Set in 1990, a lonely bachelor named David (Brian Landis Folkins) searches for an escape from the day-to-day drudgery of caring for his aging mother (Kathleen Brady). While seeking a partner through a video dating service, he discovers a strange VHS tape called ​Rent-A-Pal.​ Hosted by the charming and charismatic Andy (Wil Wheaton), the tape offers him much-needed company, compassion, and friendship. But, Andy’s friendship comes at a cost, and David desperately struggles to afford the price of admission.

We all know that all people have a breaking point. We don’t know what will cause it or when it will happen but the human mind has its limits. Hell, we’ve seen plenty of mental erosion recently due to quarantining, along with a number of other factors. With us being social creatures, it’s only natural that the majority of us long for companionship, especially when our routine becomes increasingly more antisocial. Now, imagine being seemingly isolated during 1990. There’s no internet, cell phones are rare, and dating for the most part is done the old fashion way, through face to face interaction. I know it sounds crazy to some of you, but in the pre-digital age, you had to almost exclusively shoot your shot in person.

Rent-A-Pal is a glance back at the past and a peek into the fragility of a caged mind desperate for attention and compassion. I loved the overall tone of the film. It felt eerie and structured but you never quite knew when something was going to happen. It keeps you guessing and wondering whether reality is being blurred or is something supernatural going on. Somehow they were able to make Wil Wheaton’s chipperness very chilling. Additionally, Brian Landis Folkins put on a phenomenal eye-opening performance. His unraveling is both frightening and saddening. Rent-A-Pal has many elements that make it a great film from its layered character to it’s awkward and perfectly timed humor. The nostalgic aesthetic coupled with the cinematography is fantastic. There are some shots that really capture the essence of the tone and the madness that is unfolding. The ending is so crazy and slightly dressing but fits so perfectly. I enjoyed this movie, it’s a great introduction into the spooky season. Its rewatchability is high.

Plot & Pace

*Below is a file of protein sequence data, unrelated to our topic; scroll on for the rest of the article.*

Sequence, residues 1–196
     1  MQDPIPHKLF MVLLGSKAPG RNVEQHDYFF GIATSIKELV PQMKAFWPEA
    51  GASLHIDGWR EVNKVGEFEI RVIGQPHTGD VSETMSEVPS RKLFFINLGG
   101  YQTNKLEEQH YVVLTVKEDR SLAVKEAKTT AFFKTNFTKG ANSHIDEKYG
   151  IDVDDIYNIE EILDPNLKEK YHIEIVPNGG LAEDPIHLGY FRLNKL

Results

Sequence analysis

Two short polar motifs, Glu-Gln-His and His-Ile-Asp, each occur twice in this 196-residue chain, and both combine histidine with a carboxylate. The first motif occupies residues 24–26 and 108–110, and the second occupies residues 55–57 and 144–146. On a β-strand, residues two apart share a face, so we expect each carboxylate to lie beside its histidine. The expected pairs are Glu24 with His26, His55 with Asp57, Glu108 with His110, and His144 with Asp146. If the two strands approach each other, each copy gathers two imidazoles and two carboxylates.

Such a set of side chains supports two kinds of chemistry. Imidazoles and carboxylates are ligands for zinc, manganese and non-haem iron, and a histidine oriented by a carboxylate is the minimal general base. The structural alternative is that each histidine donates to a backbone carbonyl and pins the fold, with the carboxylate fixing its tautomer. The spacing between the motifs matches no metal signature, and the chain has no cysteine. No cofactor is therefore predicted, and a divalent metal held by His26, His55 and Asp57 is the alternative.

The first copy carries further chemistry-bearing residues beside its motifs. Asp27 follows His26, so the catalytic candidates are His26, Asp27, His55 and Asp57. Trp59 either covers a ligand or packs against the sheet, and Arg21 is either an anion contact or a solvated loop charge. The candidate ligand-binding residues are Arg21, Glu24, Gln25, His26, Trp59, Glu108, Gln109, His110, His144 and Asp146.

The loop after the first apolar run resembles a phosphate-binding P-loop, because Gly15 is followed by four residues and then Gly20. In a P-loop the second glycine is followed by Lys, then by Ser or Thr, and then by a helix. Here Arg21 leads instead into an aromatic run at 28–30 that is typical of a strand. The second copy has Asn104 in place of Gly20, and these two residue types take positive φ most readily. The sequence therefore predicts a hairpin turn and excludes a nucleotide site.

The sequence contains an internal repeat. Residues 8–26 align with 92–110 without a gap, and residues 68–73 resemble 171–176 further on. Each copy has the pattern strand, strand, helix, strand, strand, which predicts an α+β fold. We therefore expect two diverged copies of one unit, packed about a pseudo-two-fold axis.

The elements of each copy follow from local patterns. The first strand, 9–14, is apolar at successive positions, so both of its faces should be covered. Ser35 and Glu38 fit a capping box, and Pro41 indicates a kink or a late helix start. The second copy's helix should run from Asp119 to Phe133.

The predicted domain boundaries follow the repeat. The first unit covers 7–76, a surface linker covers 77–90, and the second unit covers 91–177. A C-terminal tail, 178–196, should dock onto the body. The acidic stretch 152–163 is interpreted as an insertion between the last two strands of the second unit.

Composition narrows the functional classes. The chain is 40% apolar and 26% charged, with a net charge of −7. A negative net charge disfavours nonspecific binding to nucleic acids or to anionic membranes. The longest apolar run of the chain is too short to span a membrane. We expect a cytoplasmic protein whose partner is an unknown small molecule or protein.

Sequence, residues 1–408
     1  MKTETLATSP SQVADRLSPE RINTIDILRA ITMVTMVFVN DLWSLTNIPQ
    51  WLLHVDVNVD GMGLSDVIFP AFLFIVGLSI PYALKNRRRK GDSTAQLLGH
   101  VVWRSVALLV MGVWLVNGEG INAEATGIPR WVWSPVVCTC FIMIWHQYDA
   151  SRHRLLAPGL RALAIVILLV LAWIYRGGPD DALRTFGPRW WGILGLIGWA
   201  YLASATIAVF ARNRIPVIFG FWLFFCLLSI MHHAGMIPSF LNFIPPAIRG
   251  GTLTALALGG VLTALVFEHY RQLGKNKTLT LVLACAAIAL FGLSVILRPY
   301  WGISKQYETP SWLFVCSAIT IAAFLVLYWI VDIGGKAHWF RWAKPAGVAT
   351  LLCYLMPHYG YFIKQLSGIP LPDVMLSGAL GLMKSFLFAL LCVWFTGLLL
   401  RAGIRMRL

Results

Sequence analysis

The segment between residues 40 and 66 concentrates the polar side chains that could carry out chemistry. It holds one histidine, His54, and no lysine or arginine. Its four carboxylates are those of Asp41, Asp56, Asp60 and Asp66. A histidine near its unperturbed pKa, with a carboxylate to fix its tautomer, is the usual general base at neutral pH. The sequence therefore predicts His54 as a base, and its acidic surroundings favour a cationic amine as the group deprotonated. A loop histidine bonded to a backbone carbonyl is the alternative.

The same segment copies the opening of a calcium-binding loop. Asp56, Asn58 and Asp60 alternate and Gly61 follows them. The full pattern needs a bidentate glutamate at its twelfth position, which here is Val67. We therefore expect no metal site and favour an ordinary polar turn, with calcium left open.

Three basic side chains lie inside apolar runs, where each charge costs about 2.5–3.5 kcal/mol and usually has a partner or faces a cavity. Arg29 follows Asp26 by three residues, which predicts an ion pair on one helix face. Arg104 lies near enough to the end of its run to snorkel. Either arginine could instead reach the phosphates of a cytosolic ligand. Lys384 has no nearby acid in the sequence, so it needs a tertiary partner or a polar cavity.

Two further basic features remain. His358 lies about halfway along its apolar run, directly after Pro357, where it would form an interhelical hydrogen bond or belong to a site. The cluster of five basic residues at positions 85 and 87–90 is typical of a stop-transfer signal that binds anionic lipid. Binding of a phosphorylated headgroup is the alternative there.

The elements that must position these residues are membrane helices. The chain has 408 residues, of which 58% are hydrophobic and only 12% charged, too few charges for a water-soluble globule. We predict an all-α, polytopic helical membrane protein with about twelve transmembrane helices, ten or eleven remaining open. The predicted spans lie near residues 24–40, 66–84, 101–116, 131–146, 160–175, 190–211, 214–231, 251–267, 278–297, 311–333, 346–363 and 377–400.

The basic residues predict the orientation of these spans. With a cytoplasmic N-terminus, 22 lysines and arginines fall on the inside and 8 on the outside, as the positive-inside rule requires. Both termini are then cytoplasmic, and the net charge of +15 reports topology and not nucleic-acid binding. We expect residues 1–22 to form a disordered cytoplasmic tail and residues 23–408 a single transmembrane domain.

The story follows David, a forty-year-old man who has spent the last decade taking care of his mother who suffers from dementia. After shutting down his life completely, David is in need of love and companionship. Having no adequate time to be social and meet people the old fashion way, David turns to the aid of a video dating service. After months of no matches, desperate, David decides to buy a tape that guarantees friendship. Eventually infatuated with his video pal, David begins to blur fantasy and reality as he becomes unhinged. Finally matching with someone through the dating service, he must now decide which is more important his friendship with Andy on tape or his new connection with Lisa. The pacing isn’t slow but it does feel a bit mundane for a bit. It’s intentional and necessary once you realize how far gone David becomes.

Characters & Chemistry

As I said before, Brian Landis Folkins as David put on a phenomenal performance. His level of commitment to the character really made this film fantastic. He is able to make you empathize with a character even after he’s done something terrible. His chemistry with Lucille (Kathleen Brady), the mother is one that many of us can relate to on some level; my family never calls me by the correct name (It’ll make sense when you watch it). I loved the awkward chemistry between David and Lisa (Amy Rutledge) is very cute and reminds you of how simple things used to be. The best and most unsettling chemistry is between David and Andy (Wil Wheaton). It’s heartbreaking until it becomes scary.

Rent-A-Pal opens on September 11th in theaters and VOD. Enjoy and stay safe.

Director: Jon Stevenson

Writer: Jon Stevenson

Rated: R

Runtime: 1h 48m

Rating: 4 out of 5



Final Score

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